Sherry Ridge Brings Four Business Textbook Costs to Zero

Sherry Ridge

When Sherry Ridge's students registered for her business classes online and saw the notation for No Textbook, they thought it was an error. She told them it’s true. In fact, she succeeded to bring four business textbooks to a cost of zero in an effort to help students save money and improve the quality of their education.

She was among 44 college-wide textbook camps faculty who collaborated to reduce costs in more than 30 course projects and replace them with open educational resources (OERs) and other materials for select classes. For example, no student in Introduction to Business (BUS 150) will pay for a textbook, which means the 300 students enrolled in these courses will save a combined annual savings of $30,000. The savings is similar for other business classes.

“Our goal is to drastically reduce, if not eliminate, textbooks, and still provide sources that are accurate and timely,” said Ridge, who has taught business classes at MCC for 11 years, including eight years as an adjunct instructor.

The college-wide effort to continue providing high-quality instruction while saving students money from the burdensome cost of textbooks began in 2016 with the creation of the Textbook Ad Hoc Committee, which is co-chaired by MCC President Clint Gabbard, Ph.D. and Julie Freelove, business instructor.

Gabbard said the textbook cost reductions have resulted in over $1 million in annual savings to MCC students in a variety of subject areas, including business, horticulture, fitness, geology and speech.

Since participating in all three Textbook Cost Reduction Camps on MCC’s campus since May 2017 to explore economical textbook options, Ridge said she found that many of the internet resources include flexible copyright licenses, such as Creative Commons, which allow copying, printing and adapting at no cost.  “Students can load the OER course content on their computers, jump drives, tablets or phones,” Ridge said. “It’s exciting. I love it when students realize that they don’t have to pay for a textbook.”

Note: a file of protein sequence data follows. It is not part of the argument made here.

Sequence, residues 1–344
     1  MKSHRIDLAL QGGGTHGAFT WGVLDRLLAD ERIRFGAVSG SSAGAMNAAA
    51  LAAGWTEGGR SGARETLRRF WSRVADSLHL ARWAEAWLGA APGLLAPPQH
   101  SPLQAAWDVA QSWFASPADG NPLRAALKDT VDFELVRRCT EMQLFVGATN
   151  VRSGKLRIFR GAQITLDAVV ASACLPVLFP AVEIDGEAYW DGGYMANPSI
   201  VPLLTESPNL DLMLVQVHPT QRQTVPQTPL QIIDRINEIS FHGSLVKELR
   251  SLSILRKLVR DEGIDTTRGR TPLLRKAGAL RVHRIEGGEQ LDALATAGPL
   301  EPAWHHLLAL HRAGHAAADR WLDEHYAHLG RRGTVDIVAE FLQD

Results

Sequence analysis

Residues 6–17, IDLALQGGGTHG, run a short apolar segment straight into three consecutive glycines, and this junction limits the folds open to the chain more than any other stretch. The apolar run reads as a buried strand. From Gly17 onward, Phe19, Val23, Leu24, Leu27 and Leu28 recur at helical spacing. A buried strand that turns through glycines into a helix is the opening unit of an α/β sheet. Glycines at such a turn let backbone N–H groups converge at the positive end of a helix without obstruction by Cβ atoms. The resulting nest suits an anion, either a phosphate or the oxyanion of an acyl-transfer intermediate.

In addition, Ridge said she created a repository for some of the business courses that she and other instructors can access for discussions, quizzes and PowerPoints to choose from for their classes. Ridge said research alternatives to textbooks is time-consuming, but rewarding. “It’s liberating, fun and scary at the same time,” Ridge said. “The best part is when students thank us for taking the initiative to help them with education costs. You have to be dedicated to finding the best materials and resources you can and take time to update them as time goes by. It’s a lot of work in the beginning if you are going to do it right, but so worth it.”

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